Da 5 Bloods
On the Record
I May Destroy You
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It is a very thought provoking film that broadens questions like "should the government consider allocating funds to economically devastated states for the purpose of expanding privately owned prisons , so that the states can be economically stimulated by a new prison work force, or should another less expensive option be considered...
It also broadens questions such as " beside John 3: 16, what was the meaning of jesus parables and sermon on the mount? in an apathetic, deregulated world, these questions seem hard to answer. Excuse unedited grammar and sentences
Powerful, heartbreaking stuff.
Intricately, this multi-layered film details small town perceptions, prejudices and woes, and what happens when good Christian values mix with these and an endless stream of migrant workers, seeking a supposedly better life in the Dakota territory. Furthermore, at the end, this film contains one of the hardest scenes to watch, ever.
Both depressing and uplifting, with a stunner of an ending.
This movie would have received five stars from me were it not for the gaping omission of the oil company's part in not only fracturing the earth but the community as well.
It does do a wonderful job of portraying our fears -- the socially- and politically-generated fears of people who have made mistakes, and the very real fears of ostracism. There is such a parallel between these men and Pastor Reinke that the revelation at the end is more like an epiphany than a surprise.
I naturally wonder about Williston's water. It is highly probable that the oil company has not yet wreaked all of its havoc on this town. Perhaps then the town will refocus its fears and angers and direct them towards the true culprits.
Beautiful movie! Very sad, very dramatic, and very real. Let's you see both the good and bad of mankind and the people who try so hard to help.
The Overnighters is a succinct, hard hitting documentary that concern a small oil boom town in North Dakota whose high paying jobs bring people from all over the country, in search of a new start, financially and otherwise. When they arrive though they discover that the town is sorely under resourced for places to sleep. A local Lutheran pastor opens the doors of his church to allow these men a place to sleep. He calls them 'the overnighters.' The community doesn't think this is such a good idea though and with their families safety in mind, they lobby to have the overnighters program stopped.
As the documentary unfolds filmmaker Jesse Moss is blessed with something every documentary filmmaker prays for when he decides to shoot a subject: unexpected twists, turns and deeper levels of drama and revelation that all conspire to create something dark, difficult and true.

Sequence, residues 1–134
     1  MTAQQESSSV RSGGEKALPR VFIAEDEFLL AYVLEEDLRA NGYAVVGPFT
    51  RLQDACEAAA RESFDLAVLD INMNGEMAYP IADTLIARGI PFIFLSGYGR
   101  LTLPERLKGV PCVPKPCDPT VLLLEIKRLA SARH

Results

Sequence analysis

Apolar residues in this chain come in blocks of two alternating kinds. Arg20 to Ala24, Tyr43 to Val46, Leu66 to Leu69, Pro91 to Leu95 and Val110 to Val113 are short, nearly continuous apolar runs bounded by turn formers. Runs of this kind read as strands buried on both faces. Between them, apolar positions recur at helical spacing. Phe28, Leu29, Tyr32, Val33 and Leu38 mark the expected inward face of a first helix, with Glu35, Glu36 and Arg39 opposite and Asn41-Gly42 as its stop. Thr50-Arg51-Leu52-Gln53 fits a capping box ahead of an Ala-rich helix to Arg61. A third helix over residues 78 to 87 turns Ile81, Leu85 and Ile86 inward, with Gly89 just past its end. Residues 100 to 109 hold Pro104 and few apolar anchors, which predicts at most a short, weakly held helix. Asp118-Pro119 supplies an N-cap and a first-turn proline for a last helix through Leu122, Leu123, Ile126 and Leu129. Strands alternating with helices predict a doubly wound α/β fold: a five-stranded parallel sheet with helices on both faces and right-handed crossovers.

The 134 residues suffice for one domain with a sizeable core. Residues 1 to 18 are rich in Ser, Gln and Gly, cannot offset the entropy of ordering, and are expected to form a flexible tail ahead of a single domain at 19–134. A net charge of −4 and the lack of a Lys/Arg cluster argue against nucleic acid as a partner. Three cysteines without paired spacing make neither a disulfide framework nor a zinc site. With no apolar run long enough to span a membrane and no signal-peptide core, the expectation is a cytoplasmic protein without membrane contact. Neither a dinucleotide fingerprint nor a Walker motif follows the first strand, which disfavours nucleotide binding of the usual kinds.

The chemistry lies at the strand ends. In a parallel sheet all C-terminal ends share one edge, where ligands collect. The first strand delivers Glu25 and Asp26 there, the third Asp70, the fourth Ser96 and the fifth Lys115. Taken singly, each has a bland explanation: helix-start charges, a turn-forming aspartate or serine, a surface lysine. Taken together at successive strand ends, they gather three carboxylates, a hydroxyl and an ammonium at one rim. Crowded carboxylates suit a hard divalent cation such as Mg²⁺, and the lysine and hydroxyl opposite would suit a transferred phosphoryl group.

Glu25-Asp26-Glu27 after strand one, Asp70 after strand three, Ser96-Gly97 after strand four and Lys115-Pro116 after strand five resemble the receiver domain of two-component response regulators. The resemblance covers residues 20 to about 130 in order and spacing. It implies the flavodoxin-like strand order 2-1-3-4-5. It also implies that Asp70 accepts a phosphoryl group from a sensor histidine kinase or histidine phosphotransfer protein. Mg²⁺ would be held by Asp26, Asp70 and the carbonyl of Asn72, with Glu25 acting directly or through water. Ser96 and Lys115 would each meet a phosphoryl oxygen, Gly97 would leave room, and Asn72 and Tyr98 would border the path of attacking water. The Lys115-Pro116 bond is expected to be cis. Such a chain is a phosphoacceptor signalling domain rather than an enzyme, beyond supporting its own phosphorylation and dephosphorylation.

The movie's been described by many as a real life 'Grapes of Wrath' and with good reason, but it's more than that. It's a portrait of the mirage that is the American Dream. And it's a look at broken men. Spiritually and emotionally. It's a fascinating and polarizing portrait of middle America and the human condition. Highly recommended.
This documentary is well worth watching but the take-home message is not pleasant, and won't be popular with those who want to shut down government assistance programs in favor of private charity.
No one who is not a professional, with a large staff, should attempt to serve thousands of people in one place and time. Jay Reinke had his own internal problems, but his biggest external problem was that he had no backup. He put himself in a position of running something too big for him with no guidelines, little support and no professional staff - ultimately relying on current clients to help run the service. And it eventually came crashing down on his head.
He would have done well to consult with experienced people such as the Gospel Rescue Mission network. And to get his congregation solidly behind him.
What moved me the most was Reinke's emotional defenselessness, and the way disgruntled clients used that to destroy him.
When North Dakota experienced a shale oil boom, men from all over America started converging on a small rural town called Williston. Many of them, not immediately finding jobs, needed a place to stay. A pastor in a local church decided to let large numbers of men stay at the church, and some, even in his home, as they tried to establish a foothold in the town. He called this program "The Overnighters". Many of these men came from complicated backgrounds and had criminal records. Needless to say, the city council, the local paper and the community turned against the pastor and his Overnighters program. All of this is reaching a crescendo, when it is revealed that the pastor has a big secret of his own. Terrific documentary about a geographical part and a societal aspect of America that is rarely seen in movies.